Poly-B Piping (Poly Grey Pipes) Removal/Drywall Repairs
When was the last time you thought about what kind of plumbing your home has? Well, you probably haven't, unless you have had a leak. Did you know, however, that if your home has Poly-B (grey pipes) (or Polybutylene) you may already have had to make some repairs or replace it through-out your home. You might have heard of this piping if you have run into an insurance company that will not insure your home if you have this type of plumbing material. Or maybe you know that you have this piping and you have never had a problem. No-mattter where your knowledge falls you may still have some questions. To start with you may want to know what Poly Grey piping is, what it looks like, and why is this such an important issue? Some of your questions are answered below. If you have any other questions please feel free to contact us.
What is Poly Grey (Polybutylene) Plumbing?
So how do you know if you have Poly Grey? Let us give you the low down on this piping material. Poly Grey is a grey plastic pipe that was installed for hot and cold supply piping in homes built between late 1970's and late 1990's. It can easily be identified by it's light grey color and the permanent markings on the piping. At the time it was considered a great material to use, and it was cheaper than copper. In time homes with Poly Grey plumbing began to spring leaks, and at times these leaks would go un-detected behind the drywall. You can imagine that this causes water damage to many areas, and not only water damage, but hidden mold as well. There are many homes in Calgary that have this Poly Grey plumbing.
Now that we have you thinking I bet you would like to know how you can find out if you have this type of piping. Follow these steps to find out:
1) Determine when your home was built. If it was before 1974 and the home hasn't had any major plumbing renovations than you can stop now, you don't have this type of piping.
2) In an unfinished area of your home where there are exposed water pipes, look for flexible grey tubing. (for example, in the bathroom under the sink, in your basement connected to the water meter or to a hot water tank, in your kitchen under the sink.) It would be a good idea to check a few different places as you may have copper piping in some areas and Poly Grey in other areas.
Now what if you have found out that your home has Poly Grey pipes and they look fine to you. One of the issues with Poly Grey piping is that it can be slowly deteriorating from the inside yet look fine on the outside. It could burst without any warning.
You may wonder what causes these pipes to deteriorate and burst. Well, there are many factors, but some of the main issues have been that it cannot handle high water pressure, hot water or chemicals like chlorine very well and this causes the break down of the piping material.
What should you do when something goes wrong?
If you haven't had a problem yet it is very difficult to tell what condition Poly Grey piping is in just by looking at it, as the damage generally starts on the inside where you can't see it. Until, of course, it bursts and you are lucky enough to see that there has been some damage, or a lot of damage.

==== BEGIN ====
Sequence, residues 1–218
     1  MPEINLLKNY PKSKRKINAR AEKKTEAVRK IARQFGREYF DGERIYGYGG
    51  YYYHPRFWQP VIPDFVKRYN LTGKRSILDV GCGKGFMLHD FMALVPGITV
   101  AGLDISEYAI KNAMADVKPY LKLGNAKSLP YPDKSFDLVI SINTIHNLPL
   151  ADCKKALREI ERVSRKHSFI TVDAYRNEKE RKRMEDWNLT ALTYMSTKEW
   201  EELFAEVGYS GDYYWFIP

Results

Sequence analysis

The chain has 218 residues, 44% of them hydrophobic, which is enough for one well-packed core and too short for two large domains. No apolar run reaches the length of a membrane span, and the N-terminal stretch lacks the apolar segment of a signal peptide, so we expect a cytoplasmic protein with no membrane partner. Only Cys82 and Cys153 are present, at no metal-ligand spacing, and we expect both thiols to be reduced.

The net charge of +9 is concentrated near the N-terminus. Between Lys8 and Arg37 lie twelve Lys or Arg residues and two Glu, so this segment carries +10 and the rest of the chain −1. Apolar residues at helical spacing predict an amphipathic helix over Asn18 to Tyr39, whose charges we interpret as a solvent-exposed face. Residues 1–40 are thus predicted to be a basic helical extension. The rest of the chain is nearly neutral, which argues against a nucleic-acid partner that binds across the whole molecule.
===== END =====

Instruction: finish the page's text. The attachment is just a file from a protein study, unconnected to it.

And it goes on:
It is recommended that you replace Poly Grey pipes with something else (like PEX or copper). Our plumbing partners generally use PEX. Not only might a leak happen without warning but having Poly-B pipes could make it difficult for you to get insurance coverage. Also, if you are thinking of selling your home, potential buyers can take this into consideration and offer you much less for your home.
How long is Poly Grey plumbing supposed to last?
Some reports have Poly Grey bursting as early as the mid 1980's. According to the Government of Alberta "Poly Grey piping is no longer listed as an acceptable plumbing piping material in the current National Plumbing Code of Canada 2005." (see www.municipalaffairs.alberta.ca/documents/ss/STANDATA/plumbing/polyb-bulletin.pdf)
I've decided to take the step to replace my Poly Grey, what do I need to know?
There are many Plumbers out there who replace Poly Grey with a more superior product. What you need to know before you choose your contractor:
1) Are you responsible for finding someone to fix the holes that are created when the plumber replaces the pipes? (We happen to have reputable plumbing partners that replace Poly Grey, the repairs are handled in house by Triple H Interiors)
2) Will the plumber use Sharkbites at all? (these are meant for temporary fixes, NOT permanent)
3) How long will the replacement take? Our team can take about 5-10 days from start to finish, including replacing the pipes, depending on the size and complexity. We have a perfected process to complete your repairs in as little time as possible, but with a top quality finish.
4) If the contractor asks for a deposit make sure that they are Provincially Insured, don't pay someone without knowing this first. (we are provincially insured so we are accountable to you and the Government when it comes to your money)
5) Does your contractor use Air Scrubbers to remove up to 80% of the dust created by the remediation process?
6) When the holes are repaired there will be a lot of residual dust. Get a new furnace filter and have some patience, it will pass.
Please do not hesitate to call us for a free consultation and quote......(587) 432-5601